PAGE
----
used extensively to produce gauzes, brocades, and tapestry. These and other
techniques were developed to replace the simple painting of designs on plain cloth
(Garaventa 1978; Paul and Turpin 1986; Stafford 1941). The woven products of the
period include shirts, breechcloths, mantles, and dresses along with slings, bags, straps
and mummy wrappings (Kowta 1987).
Early Intermediate Period T300 B.C. AD 5401
The intermediate periods in the chronology suggest periods of regional
florescence and the consolidation of politics and art into regional styles and variants
41


(see Chapter 2). The Early Intermediate along the South Coast is defined by the rise
of the Nazca culture and is divided into eight epochs defined by changes in pottery
style (Menzel, Rowe, and Dawson 1964). Kowta states the period is famous for
striking pottery and textiles it produced, mainly for mortuary use. The technical and
aesthetic excellence achieved by Nasca craftsmen has rarely been surpassed
(1987:25). Conklin and Moseley (1988) note that textile techniques used by the Nasca
culture during this period are more advanced than any other coastal area during the
same period. They continue by stating that the use of alpaca wool, introduced during
the late Early Horizon, reaches massive quantities during the Early Intermediate
indicating excellent trading relations with highland areas (Conklin and Moseley 1988).
It takes almost another thousand years for such quantities to be available on the north
coast (Conklin 1974; Conklin and Moseley 1988).
Irrigation agriculture was used extensively during this period. The main staples
are provided by domesticated crops and are supplemented by hunting and fishing
(Kowta 1987; Lumbreras 1974). The settlements are large rectangles with large
populations, possibly the largest of the period (Conklin and Moseley 1988; Kowta
1987; Rowe 1963, 1967). This is the period when the large site of Cahuachi is
utilized. As discussed earlier, Silverman (1988) concludes that Cahuachi is a
42


ceremonial center functioning as a pilgrimage site and only housed resident priests on a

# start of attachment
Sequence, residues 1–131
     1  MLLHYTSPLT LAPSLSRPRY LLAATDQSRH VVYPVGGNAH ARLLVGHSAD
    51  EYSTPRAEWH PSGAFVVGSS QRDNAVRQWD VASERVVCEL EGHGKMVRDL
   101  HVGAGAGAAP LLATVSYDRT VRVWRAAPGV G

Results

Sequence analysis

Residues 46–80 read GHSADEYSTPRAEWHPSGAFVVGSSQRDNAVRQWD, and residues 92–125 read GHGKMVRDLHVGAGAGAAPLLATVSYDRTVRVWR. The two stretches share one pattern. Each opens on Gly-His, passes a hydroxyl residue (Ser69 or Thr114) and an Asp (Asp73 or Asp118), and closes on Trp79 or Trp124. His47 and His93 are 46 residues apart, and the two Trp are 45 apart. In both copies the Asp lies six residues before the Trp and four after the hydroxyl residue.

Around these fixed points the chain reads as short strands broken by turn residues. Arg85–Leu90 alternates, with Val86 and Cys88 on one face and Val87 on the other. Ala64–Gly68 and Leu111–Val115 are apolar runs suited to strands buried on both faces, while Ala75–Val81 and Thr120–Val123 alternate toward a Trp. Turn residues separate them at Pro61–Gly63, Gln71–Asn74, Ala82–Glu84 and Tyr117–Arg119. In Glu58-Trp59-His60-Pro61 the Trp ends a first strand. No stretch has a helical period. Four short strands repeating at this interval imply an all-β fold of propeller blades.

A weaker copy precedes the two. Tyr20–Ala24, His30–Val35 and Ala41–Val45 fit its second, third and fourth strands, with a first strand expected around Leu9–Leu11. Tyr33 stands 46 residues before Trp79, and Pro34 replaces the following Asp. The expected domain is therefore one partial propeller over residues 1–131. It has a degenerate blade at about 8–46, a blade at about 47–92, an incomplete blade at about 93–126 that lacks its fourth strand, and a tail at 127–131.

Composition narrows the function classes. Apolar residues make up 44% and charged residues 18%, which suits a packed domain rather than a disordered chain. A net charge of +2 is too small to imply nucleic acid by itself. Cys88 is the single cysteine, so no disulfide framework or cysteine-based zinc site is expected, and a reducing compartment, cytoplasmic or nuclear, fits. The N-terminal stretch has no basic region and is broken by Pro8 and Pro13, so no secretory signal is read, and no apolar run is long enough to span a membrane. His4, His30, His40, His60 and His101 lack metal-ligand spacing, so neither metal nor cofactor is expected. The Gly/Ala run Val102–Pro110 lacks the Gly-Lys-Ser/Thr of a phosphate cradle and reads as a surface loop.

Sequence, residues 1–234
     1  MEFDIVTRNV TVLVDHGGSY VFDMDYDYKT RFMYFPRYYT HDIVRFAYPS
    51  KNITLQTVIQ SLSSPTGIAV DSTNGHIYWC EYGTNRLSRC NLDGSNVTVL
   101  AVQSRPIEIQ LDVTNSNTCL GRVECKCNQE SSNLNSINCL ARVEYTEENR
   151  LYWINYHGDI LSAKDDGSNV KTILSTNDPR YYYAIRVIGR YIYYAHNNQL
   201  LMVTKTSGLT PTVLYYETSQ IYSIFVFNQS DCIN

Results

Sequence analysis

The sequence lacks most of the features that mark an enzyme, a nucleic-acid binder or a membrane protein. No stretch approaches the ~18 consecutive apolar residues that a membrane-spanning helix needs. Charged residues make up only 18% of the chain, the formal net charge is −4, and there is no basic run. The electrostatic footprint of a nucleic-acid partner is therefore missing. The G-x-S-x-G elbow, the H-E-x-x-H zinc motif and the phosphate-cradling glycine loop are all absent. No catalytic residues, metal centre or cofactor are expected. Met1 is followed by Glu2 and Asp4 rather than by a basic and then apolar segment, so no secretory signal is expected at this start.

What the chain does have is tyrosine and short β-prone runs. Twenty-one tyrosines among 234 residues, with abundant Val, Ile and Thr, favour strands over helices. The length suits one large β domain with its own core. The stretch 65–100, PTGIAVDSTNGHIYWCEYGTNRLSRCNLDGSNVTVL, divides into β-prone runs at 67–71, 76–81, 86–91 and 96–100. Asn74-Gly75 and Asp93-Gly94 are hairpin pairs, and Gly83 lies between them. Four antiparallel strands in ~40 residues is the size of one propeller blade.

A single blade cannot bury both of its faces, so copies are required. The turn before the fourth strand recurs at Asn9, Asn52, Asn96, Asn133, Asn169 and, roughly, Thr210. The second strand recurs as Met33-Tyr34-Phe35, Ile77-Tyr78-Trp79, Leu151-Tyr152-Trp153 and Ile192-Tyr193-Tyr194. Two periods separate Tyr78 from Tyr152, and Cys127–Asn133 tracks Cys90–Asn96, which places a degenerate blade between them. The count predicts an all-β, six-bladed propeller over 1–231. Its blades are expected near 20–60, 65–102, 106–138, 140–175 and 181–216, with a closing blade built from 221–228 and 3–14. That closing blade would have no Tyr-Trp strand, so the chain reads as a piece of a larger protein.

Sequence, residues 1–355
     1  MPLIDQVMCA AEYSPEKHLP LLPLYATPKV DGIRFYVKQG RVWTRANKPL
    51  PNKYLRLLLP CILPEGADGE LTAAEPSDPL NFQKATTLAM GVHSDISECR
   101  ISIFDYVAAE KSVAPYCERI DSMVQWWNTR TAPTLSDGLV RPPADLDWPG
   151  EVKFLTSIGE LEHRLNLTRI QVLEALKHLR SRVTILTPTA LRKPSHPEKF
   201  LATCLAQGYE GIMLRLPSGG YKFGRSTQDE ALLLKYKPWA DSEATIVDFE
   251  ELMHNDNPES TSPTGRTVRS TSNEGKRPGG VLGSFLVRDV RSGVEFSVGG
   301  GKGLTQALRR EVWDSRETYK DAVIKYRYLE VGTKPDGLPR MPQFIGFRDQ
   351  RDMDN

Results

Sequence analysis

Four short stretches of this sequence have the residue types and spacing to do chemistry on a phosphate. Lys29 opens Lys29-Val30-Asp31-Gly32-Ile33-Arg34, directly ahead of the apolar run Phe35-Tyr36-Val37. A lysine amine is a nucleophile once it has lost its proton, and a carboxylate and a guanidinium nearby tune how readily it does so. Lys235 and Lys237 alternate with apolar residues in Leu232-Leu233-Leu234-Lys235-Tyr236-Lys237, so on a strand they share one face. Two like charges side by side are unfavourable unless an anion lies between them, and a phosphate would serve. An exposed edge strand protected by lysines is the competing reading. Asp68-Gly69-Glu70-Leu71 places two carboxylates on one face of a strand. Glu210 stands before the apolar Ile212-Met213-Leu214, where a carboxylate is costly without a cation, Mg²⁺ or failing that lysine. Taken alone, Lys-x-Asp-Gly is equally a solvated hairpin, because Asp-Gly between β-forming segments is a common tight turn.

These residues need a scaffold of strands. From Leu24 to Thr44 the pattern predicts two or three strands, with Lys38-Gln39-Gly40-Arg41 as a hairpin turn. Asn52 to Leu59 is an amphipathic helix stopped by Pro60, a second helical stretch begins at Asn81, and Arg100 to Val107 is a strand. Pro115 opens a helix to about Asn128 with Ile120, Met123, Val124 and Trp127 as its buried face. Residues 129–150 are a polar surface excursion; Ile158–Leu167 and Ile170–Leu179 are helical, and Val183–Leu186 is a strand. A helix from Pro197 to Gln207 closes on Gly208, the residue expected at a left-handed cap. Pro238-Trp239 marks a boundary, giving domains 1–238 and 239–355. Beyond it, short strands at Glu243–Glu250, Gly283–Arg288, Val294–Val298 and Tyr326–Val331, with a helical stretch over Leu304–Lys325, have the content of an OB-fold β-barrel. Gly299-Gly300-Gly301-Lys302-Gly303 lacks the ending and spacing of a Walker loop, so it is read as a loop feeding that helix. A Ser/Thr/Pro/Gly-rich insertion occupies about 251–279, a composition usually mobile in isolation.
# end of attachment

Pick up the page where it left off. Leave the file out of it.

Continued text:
full-time basis. Silverman (1988) believes that this is a site which represents a brief
period of coalescence of social, religious and political power during the Early
Intermediate.
This period is most widely known for the large geoglyphs of the Nasca Pampa
(Aveni 1990a and 1990b, Hadingham 1987; Silverman 1990; Urton 1990). The
purpose of these large ground drawings is not yet understood. It has been proposed
that they were used as a calendar, astronomical markers, or even perhaps monuments
to individuals (Aveni 1990a and 1990b; Conklin and Moseley 1988); Hadingham
1987; Silverman 1990; Urton 1990).
Nazca goods are found in the Chincha, lea, Nasca, and Acari valleys with
possible evidence as far south as Chala. There is no evidence of Nazca materials in the
Yauca Valley to date.
Middle Horizon (A D. 540 to A.D. 900^
The Middle Horizon was characterized by the spread of two major empires,
Huari in the Ayacucho Valley in the Peruvian central highlands and Tiwanaku in the
Titicaca Basin to the south. This period is controversial among scholars as to the role
43


of each of these empires and their origins. In an edited volume by Isbell and McEwan
(1991) the various issues surrounding Huari status and origins are debated looking
specifically at Huari architecture. They note that the participants were able to agree
on the existence of a relatively unified architectural horizon (Isbell and McEwan
1991:10). However, they point out that theoretical orientation combined with regional
research interests still divided the group on how individuals interpreted Huari
evidence.
The status of Huari and Tiwanaku as states has been disputed for some time.
In an article by Isbell and Schreiber (1978), Was Huari a State?, the authors defined
two major requirements for state level government to test the status of Huari as a
state. The first requirement was settlements must be distributed in a site size hierarchy
with at least three tiers of administration above the community level (Isbell and
Schreiber 1978). Secondly, information and decisions were transferred between
settlements of different rank order with information moving up through the system and
decisions flowing down (Isbell and Schreiber 1978). Isbell and Schreiber (1978)
concluded that the criterion for a state level government during the Middle Horizon
was supported by evidence from the Huari, however, it was not indisputably
confirmed.
44


Alan Kolata (1986) used the criteria established by Isbell and Schreiber and
tested evidence from the Tiwanaku heartland to determine if Tiwanaku was a state.
Kolata (1986) determined, based on agricultural intensification requiring massive
reclamation and construction projects, class stratification and a hierarchical settlement
network, that Tiwanaku was indeed a state.
Why Huari developed, has also been debated. It has been proposed that Huari
developed out of environmental upheaval due to a number of severe El Nino events
and a period of great drought from A.D. 562 A.D. 594 (Moseley 1992). Moseley
writes that due to the drought, Ethnic movement, strife, conflict, and militarism
would ensue (1992:209). This idea has been challenged by a number of other Andean
scholars. Isbell and Schreiber (1978) state that the Huari state does not appear to
have formed due to demographic pressures which forced people to congregate in
cities. They point out that as Middle Horizon cities develop, farmlands are abandoned